Sep 3 2018
You will have to read until the bottom of this post to understand the weird title.
It’s been a while since my last blog post. In the beginning of August, we went on a vacation to Italy and had a great time. I purposely did not do any planned exercise, but there was plenty of (sea) swimming, hiking, and bike riding. Nothing very intensive.
After my vacation I was back in the office for four long days. I did manage to get two rows in, one in the single and one in the double with Romana.
Then, I hopped on a plane to India and spent a week in Bangalore. Working days were long and I prioritized socializing with my Indian colleagues over any structured working out. It’s the off season.
Now I am back and it’s time to prepare for the head race season. I am looking forward to it. This year, I am doing three races over three weekends. I start early October with a 6k head race in the single, then, two weeks later, the Prague Head (mixed 8+), and finally the Novembervieren in Amsterdam, rowing a 4x with my old rowing mate and two other guys.
I did my planning for the 2018/19 season and the main events in the run-up to the first head race are long, hard distance pieces in the single. Using the power values given by the Empower Oarlock, these pieces give me good info on where I stand, helping me to select a sustainable power for the 6k head race. I started last Thursday with a 10k piece. I targeted 200W.
It was pretty winy and choppy, and it was hard. I had to row this in the gorge, but because the lake water level is low because of the the draught, we cannot row all the way up to Bityska, have to turn at the castle and thus I had to start and finish on a very choppy lake. You can see the power and pace starting to drop aroun 7500m when I returned to the lake. With 1000m to go, I decided to turn again and stay on the north end of the lake to avoid the worst chop (white caps).
I was slightly disappointed by the power levels, but I did hold a 198W average power, and that is including two 180 degree turns and rowing in the chop.
I spent the weekend cycling through the South Moravian vineyards with Romana (and getting very wet on Saturday, when we were riding in heavy rain).
Today, I arrived at the club around 6pm, and got ready for another hard distance piece. First I had to chat with our medal winners from the U23 European Championships (silver in the LW 4x-). There was a frenzy of activity on the club. The kids had raced in Litomerice and there was a trailer to unload and boats to wash.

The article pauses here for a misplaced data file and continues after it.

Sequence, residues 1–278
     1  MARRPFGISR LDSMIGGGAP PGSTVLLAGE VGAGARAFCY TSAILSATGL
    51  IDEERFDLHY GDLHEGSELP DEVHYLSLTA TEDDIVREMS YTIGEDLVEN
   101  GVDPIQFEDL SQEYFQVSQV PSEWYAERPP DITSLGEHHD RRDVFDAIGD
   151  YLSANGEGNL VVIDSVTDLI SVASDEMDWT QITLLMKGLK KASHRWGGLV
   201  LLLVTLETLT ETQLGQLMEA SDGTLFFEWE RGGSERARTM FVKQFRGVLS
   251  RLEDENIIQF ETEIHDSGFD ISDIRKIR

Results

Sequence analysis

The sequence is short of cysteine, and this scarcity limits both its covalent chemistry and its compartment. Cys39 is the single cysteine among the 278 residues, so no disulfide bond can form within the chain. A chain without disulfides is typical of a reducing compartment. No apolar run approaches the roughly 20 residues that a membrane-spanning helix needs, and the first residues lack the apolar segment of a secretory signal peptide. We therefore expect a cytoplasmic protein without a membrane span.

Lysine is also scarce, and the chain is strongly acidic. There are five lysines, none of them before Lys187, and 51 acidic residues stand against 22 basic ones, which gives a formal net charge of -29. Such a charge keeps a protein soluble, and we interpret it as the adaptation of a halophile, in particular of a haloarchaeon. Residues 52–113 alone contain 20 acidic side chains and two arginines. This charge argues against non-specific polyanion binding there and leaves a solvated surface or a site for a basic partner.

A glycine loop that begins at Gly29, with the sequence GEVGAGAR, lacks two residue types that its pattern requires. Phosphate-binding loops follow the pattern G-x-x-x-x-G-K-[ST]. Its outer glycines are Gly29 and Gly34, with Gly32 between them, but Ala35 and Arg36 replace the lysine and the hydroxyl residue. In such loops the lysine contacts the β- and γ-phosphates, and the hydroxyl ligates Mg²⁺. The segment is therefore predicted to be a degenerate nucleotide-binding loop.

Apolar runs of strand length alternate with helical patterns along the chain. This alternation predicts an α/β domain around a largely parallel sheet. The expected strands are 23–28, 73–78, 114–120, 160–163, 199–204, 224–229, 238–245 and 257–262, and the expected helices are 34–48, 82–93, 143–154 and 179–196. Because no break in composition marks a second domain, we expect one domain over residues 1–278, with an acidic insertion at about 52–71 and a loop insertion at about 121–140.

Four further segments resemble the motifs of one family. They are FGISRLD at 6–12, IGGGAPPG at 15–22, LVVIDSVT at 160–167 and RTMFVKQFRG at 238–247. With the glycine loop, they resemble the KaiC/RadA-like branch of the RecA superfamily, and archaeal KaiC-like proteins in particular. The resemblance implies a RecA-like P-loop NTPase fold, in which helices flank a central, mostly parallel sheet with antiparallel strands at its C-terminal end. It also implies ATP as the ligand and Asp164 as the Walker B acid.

I told everybody I was going to go out on the single and set off for the workout.
Pretty calm weather today. Just a slightly nasty crosswind making the 1k part on the south end of the lake a little slower. You can see that in the chart between 0 and 1000m and between 6200m and 7800m. The heart rate sensor had some difficulties in the first 1000m.
The average power was 211W (224W rPower, higher because the turns are lowering the average) and I liked how I rowed, especially the part between 4000m and 6000m where I think I hit a pretty efficient stroke, not too hard on the catch and with a clean tap down. The final 2000m were a struggle, and especially the final 500m required a bit of toughness to keep going.
That was a good 41 minutes of rowing.
I did a very slow cooling down. And that was the moment where I will explain the title of this blog post.
I arrived at an abandoned rowing club. The boat house was closed and locked. The club house closed and locked. The problem was that I had been so lazy as to leave the club house keys in my pocket, relying on the usual Monday evening rowers. Apparently the last one to leave hadn’t checked the dock or the rowing log book to see if there were any boats out there.
They did forget to clean up two pairs of slings, so at least I could get my boat out on dry land. Then I had to think. My car was on the parking, locked. All my other stuff was in the dressing room and I literally had what I was wearing, plus a seat pad, a half empty bottle of water and a NK SpeedCoach. Plus an empty battery that I had replaced in the Empower oarlock.
There was only one option. I climbed over the rowing club fence, hiked 15 minutes to the nearest tram stop, took tram 1 for a few stops, changed to trolley bus 30, then took bus 70 to the bus stop nearest to my house. I was wearing my sweaty rowing uni and flip flops. I didn’t have my bus card with me, nor did I have any ID. If I had been checked by a ticket control, I would have to explain and if they wouldn’t believe me they would probably take me to a police station. Luckily that didn’t happen. It was a bit unpleasant how people were looking at me, but I could deal with that. At home, I rang the door bell, and then explained the situation to my beloved wife. We got in her car and she dropped me off at the rowing club. Using her keys, I was able to get in, get a shower, clean up the boat, get into my car and drive home.
I guess I have learned a lesson and will not rely on ‘the usual training times’ any more, and take the keys with me in the boat as I do on my morning outings.
Adding Empower Oarlock metrics for later analysis. I have lost an hour riding the bus in a rowing uni, so I have no time to do a deeper analysis. I think the values are reasonable.